Patricia Craig Johnson --- Searching for My Ancestors --- Sharing My Life Stories

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Thursday, February 7, 2013

I Did It--- I Did It --- My First Solo Harley Ride 1984

Yesterday I drove to Loveland to have lunch with a friend. Because she lives east of Loveland I took one of my favorite back roads to get there and my thoughts ran back to when this was a sparsely populated area in the 1980's.  As I neared the corner where I turn to go further east, off Boyd Lake Road, my thoughts jumped back in time, to this very spot in 1984.

It was early in the evening one day in May 1984.  I had bought my beautiful 1979 Harley Super Glide, I had passed my Motorcycle Rider's Course (on a small Suzuki, a far cry from an 80 cci Harley), I had many lessons when John and I rode out, in the evenings after work, to the Cloverleaf Dog Track parking lot to practice.  When John came home from work that afternoon, he announced that this was the day I would do my first solo ride on my Harley.  I was a little apprehensive, but nodded in agreement that it was time to fledge my wings and go solo.  John drove my bike and I rode behind to the corner of Boyd Lake Road and E Co 24 E.  At that time the Cloverleaf Dog Track was the only sign of civilization in that area.  There was the Loveland-Fort Collins airport to the South but nothing else in sight.  It is MUCH different today.  The Dog Track is gone and buildings and businesses have sprung up in the whole area.

But on that evening we were the only people around, and there was next to NO traffic.  Perfect for a novice Harley rider.  John came to a stop, put the kick stand down. He said, "I want you to get on, go to the end of this road, turn right to the dog track, turn in the parking lot, make a u-turn come back out and come back to this spot, put the kick stand down and get off your bike."  He was very precise in his instructions, maybe because I looked more than a little frightened.  Practicing with him near was not so scary, but to go 2 miles by myself, and no moral support, was very emotional.  The power of a Harley is very intimidating and a person needs their mental wits to be sharp to command that power.  Like a good student I did exactly like I was told.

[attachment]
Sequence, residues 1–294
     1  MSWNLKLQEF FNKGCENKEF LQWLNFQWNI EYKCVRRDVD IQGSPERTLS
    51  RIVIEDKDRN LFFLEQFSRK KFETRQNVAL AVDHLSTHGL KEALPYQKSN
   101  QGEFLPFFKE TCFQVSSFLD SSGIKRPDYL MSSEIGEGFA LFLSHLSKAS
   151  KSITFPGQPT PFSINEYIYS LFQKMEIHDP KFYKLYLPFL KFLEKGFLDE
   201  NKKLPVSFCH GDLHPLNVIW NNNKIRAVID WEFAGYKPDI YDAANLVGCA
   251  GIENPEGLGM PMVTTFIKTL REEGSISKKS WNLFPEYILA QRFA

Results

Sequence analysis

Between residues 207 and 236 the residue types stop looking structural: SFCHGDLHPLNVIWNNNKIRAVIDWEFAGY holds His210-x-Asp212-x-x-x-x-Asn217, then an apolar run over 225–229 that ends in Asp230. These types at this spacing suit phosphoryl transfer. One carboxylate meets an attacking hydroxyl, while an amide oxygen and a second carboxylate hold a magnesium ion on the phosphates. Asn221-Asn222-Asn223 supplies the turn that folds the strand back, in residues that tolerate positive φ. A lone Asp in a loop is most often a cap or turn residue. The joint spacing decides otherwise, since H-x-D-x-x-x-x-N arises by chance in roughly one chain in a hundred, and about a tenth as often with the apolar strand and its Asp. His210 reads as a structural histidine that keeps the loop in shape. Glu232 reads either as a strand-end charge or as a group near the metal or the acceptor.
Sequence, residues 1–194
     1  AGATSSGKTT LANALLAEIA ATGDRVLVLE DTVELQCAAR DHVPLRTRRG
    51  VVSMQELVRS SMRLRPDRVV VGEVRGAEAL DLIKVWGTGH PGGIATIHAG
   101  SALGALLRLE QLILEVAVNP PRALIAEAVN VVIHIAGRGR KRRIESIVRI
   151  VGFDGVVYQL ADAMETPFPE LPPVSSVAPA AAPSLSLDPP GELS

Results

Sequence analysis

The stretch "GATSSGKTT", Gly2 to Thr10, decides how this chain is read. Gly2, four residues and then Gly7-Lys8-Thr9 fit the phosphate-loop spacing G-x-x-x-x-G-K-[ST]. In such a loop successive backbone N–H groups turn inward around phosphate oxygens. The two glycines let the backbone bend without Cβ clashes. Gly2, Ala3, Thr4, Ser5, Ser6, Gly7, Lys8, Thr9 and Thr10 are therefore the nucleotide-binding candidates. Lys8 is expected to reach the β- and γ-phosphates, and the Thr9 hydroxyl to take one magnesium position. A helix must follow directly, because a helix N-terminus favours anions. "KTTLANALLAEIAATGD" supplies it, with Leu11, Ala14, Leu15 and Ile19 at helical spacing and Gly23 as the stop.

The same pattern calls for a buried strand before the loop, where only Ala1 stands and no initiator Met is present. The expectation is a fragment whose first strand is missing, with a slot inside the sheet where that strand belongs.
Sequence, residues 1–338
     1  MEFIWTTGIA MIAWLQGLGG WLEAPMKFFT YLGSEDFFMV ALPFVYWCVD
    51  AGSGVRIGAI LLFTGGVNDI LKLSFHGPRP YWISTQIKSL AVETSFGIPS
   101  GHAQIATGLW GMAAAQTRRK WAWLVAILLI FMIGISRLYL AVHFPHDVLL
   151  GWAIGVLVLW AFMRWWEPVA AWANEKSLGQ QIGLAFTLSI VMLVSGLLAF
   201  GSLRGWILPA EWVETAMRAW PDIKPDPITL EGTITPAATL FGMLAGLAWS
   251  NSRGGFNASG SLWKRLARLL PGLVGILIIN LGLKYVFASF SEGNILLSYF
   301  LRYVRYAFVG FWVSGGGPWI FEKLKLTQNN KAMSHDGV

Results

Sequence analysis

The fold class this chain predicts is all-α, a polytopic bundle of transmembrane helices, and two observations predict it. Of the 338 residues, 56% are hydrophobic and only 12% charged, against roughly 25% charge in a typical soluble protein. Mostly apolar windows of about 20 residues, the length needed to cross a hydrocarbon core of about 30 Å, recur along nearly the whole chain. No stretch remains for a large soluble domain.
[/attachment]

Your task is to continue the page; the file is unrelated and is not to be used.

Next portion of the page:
I put the bike in gear and started this momentous trip.  It was easy sailing, because as I said there was almost no traffic that evening.  As I went further my confidence began to grow and I relaxed.  By the time I turned into the dog track parking lot, I was feeling very sure of myself.  But I remembered another lesson I had heard from John, "Never get too sure of yourself on a Harley. Always respect that power."  So I sort of calmed that feeling of pride down a notch or two.

Finally, I was exiting the dog track parking lot and was heading into the home stretch.  I was starting to feel pretty good by then, and then I could see John standing at the corner where I had let him off.  He walked to the middle of the road, a scowl on his face, very serious, and pointed to the ground as if to say, "Stop here and put the kick stand down like I told you to."  I did exactly that and climbed off my bike.  Then he broke out in a big smile, gave me a big hug, and congratulated me.  He said he didn't want a perfect landing ruined by an excited stop and forgetting to put the kick stand down.  It was a good lesson in the discipline that is needed to command a powerful bike like a Harley.  Attention to details and good concentration are necessary to survive being a Harley Rider.

Nothing compares to the feeling that evening of, "I did it -- I did it!"  This was the beginning of a long adventure for both of us.  We shared this passion for ten years and what escapades we did have.

Later he told me that standing on that corner that evening seemed to last for hours.  He didn't know if I had gone down and couldn't get the bike back up, (my bike weighed 750 pounds) or ran into something, or something ran into me, or what was going on because he was so far away.  He said when he saw me, in my bright red sweatshirt, come putzing along the road on that Harley he breathed a big sigh of relief.  And here I thought I was the only nervous one.

I guess when you love someone, it can be nerve wracking.  But I am grateful he was willing to pay that price for me to accomplish what I wanted to do.  Also, that when someone is worried they may sound gruff, but that may be in part, the face of love.  Can you tell?  I miss my best friend, gruffness and all.

The picture above was the start of our first real Harley tour, in September 1984, after I had become used to my bike.   Patj


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